Table 21. Acute oral toxicity (LD50mg/kg) of pindone (Beauregard et al. 1955; Oliver & Wheeler 1978; Hone & Mulligan 1982; Eason & Jolly 1993).

Species LD50 ((mg/kg)

Rabbit 6–18

Dog 50

Norway rat 75–100

Sheep approx. 100

Possum >100
Aquatic toxicology:

There are no published aquatic toxicity data for pindone.

2.6.5 Diagnosis and treatment of poisoning

As for brodificoum, see Section 2.1.5 (pp. 57–60).

2.6.6 Non-target effects

No systematic studies have been conducted to monitor the non-target impact of baits. During 1992–94 the aerial application of pindone baits to control rabbits increased. There have been numerous anecdotal reports (E.B. Spurr, pers. comm.) of extensive bird kills from both primary and secondary poisoning following broad-scale rabbit control in New Zealand, but no monitoring to determine whether or not populations are being affected. Birds found killed included plovers, quails, rails, wrybills, silvereyes, grey warblers, black-back gulls, and Australian harriers (Sullivan 1994). Even less is known about the effects of pindone on invertebrates and reptiles.


In Australia similar rabbit poisoning operations have caused concern with wedge-tailed eagles, noted to be a species at risk. Doses as low as 1–4 mg/kg/day for 5–7 days have caused deaths in this species (D. King pers. comm.).

2.6.7 Summary

Advantages

Disadvantages

No licence required

Not as potent as second-generation anticoagulants or non-anticoagulant poisons such as 1080, cholecalciferol, or cyanide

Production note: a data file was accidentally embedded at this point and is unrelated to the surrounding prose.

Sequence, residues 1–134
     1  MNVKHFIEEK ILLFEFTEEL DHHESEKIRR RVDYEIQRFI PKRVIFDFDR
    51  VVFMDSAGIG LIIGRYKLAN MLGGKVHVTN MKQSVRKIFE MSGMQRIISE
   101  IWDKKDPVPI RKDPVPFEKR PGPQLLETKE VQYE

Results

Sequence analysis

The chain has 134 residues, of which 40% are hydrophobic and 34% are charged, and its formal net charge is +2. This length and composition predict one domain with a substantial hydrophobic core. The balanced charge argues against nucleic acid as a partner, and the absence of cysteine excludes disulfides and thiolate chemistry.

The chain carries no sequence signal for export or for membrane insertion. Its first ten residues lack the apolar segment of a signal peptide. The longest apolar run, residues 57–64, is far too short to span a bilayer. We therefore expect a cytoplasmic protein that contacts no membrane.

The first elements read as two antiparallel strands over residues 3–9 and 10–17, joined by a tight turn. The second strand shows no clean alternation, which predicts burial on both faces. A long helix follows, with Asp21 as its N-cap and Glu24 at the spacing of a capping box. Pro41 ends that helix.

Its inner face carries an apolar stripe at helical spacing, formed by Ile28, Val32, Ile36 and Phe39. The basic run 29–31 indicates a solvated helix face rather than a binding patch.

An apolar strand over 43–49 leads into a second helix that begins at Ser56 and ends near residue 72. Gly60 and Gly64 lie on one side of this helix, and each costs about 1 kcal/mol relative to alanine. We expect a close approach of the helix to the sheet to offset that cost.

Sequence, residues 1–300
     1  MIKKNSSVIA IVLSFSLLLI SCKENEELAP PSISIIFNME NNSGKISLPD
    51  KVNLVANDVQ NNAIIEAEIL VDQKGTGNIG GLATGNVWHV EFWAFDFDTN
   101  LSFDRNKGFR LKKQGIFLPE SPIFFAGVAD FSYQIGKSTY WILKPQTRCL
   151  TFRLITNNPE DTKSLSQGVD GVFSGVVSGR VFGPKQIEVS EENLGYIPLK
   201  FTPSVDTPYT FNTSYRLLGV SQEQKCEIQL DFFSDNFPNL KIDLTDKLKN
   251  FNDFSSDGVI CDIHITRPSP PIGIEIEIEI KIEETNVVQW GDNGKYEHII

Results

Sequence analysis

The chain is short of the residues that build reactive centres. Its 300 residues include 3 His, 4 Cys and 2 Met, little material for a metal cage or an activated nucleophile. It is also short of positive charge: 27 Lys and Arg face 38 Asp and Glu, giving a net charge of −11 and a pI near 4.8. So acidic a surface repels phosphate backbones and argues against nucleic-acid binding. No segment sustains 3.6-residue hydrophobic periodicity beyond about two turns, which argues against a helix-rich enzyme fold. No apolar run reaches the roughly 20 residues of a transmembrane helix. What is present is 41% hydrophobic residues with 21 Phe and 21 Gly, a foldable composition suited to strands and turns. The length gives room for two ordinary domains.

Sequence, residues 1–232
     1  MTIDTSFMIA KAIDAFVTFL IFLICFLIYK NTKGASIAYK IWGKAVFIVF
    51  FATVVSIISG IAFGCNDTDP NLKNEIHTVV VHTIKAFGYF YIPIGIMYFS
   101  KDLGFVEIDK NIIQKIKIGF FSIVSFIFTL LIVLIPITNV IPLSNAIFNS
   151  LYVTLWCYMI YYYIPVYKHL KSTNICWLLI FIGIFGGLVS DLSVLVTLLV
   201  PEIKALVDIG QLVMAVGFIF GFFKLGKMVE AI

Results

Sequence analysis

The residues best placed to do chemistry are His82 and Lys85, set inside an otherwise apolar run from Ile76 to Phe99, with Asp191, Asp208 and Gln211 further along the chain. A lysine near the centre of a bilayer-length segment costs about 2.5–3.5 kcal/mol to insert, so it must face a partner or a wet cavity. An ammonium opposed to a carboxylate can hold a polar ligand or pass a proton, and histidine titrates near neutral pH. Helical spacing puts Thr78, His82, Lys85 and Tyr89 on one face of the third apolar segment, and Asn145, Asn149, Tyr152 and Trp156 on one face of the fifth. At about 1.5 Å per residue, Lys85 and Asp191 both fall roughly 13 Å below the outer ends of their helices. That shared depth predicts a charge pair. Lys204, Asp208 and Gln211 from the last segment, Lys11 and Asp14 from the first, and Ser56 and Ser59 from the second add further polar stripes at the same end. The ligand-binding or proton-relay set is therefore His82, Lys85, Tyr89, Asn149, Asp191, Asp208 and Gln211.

Effective for rodent control

Not potent for possum control

Highly effective for rabbit control




Antidote




Less persistent than brodifacoum





  • Pindone is a synthetic pesticide that was first synthesised in 1937. Its insecticidal and rodenticidal properties were demonstrated in the 1940s.


  • Pindone is not readily water soluble, but the sodium salt of pindone (pival) is readily water soluble and is sometimes used in New Zealand instead of pindone.

  • Pindone is a first-generation anticoagulant with low potency compared to compounds like brodifacoum, a second-generation anticoagulant.

  • Pindone is moderately toxic to a range of species. Rabbits are extremely susceptible; by contrast sheep, possums, and horses are comparatively resistant. There are anecdotal reports that raptors are particularly susceptible to secondary poisoning.

  • Pindone is far more effective for rabbit control than it is for possums.

  • Pindone is moderately persistent; far more persistent in animals than 1080, but considerably less persistent than brodifacoum.

  • The toxicity and non-target impacts of pindone are poorly documented.